Vaccine holds meningitis
cases to zero
By Kelly Casey
years ago, the University experienced an unusually large number
of cases of bacterial meningitis. Five students came down with
the rare and sometimes fatal disease, which most commonly strikes
college freshmen living in campus dormitories.
since U.Va. started vaccinating its incoming first-year students
against meningococcal bacteria in 1997 at the urging of
executive director Dr. James C. Turner there has not been
a single case of meningitis.
by the widespread panic the 1995 cases caused, Turner became a
crusader against the potentially preventable disease. His mission
over the past few years has been to spread the word among parents,
students and college health professionals nationwide that the
vaccine offers safe and effective protection against most strains
has been a regular featured expert in the national news
on NPR, ABC, CNN, Fox, the Washington Post and New York Times.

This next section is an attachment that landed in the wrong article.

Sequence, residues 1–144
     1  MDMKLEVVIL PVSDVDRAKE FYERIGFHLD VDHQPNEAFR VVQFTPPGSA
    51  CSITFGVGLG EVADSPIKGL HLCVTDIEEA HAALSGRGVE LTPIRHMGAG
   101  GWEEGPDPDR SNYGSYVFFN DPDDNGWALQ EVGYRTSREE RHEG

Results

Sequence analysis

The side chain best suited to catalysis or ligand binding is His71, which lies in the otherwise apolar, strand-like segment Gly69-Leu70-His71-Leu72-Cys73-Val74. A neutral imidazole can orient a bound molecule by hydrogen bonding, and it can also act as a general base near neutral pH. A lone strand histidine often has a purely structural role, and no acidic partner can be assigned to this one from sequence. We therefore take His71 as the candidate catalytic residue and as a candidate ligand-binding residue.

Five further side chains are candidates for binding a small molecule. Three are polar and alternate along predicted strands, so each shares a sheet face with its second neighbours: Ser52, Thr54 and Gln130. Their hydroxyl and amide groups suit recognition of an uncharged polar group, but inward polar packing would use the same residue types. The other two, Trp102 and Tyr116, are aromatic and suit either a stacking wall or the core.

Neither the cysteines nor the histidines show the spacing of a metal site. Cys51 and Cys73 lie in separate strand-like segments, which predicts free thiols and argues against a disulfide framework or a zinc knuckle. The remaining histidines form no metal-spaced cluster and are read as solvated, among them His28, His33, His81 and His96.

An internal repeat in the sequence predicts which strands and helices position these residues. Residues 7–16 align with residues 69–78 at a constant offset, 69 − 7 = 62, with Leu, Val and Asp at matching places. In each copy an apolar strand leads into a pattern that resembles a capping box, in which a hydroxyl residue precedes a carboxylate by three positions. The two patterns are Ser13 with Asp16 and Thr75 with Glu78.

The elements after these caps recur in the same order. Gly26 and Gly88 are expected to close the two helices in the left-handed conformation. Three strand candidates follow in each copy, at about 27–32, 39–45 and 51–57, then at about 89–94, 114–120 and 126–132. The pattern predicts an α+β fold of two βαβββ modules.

This month, he was featured on CBSs 48 Hours,
as well as a NOVA special that aired Sept. 3 on PBS.
who describes himself as shy, says he doesnt mind being
in the spotlight if it enables him to repeat a message that is
important to the health of the nations college students.
is something Im very passionate about. The meningococcal
vaccine, though not perfect, protects against a rare, but dreadful,
disease, he said, noting that 20 percent of meningitis patients
suffer serious permanent complications, such as an amputation
or kidney failure, and 5 to 15 percent die.
bacterium can cause meningococcal meningitis, which produces inflammation
of the membranes surrounding the brain and spinal cord. Sometimes
these bacteria infect the bloodstream, which can lead to kidney
and heart failure. The bacteria are spread very easily through
direct contact with an infected person and even through the air
when a person sneezes or coughs.
states recently began requiring college students to be vaccinated
against meningococcal bacteria. Virginia students, however, can
sign a waiver not to be vaccinated after reading a fact sheet
on the disease.
the first year of the states vaccination requirement, 94
percent of our entering students elected to receive the vaccine,
Turner notes. Today, more than 9,000 of our 12,000 undergraduates
have been vaccinated. Five years ago, we had none vaccinated.
more than 2 million students have been vaccinated to date.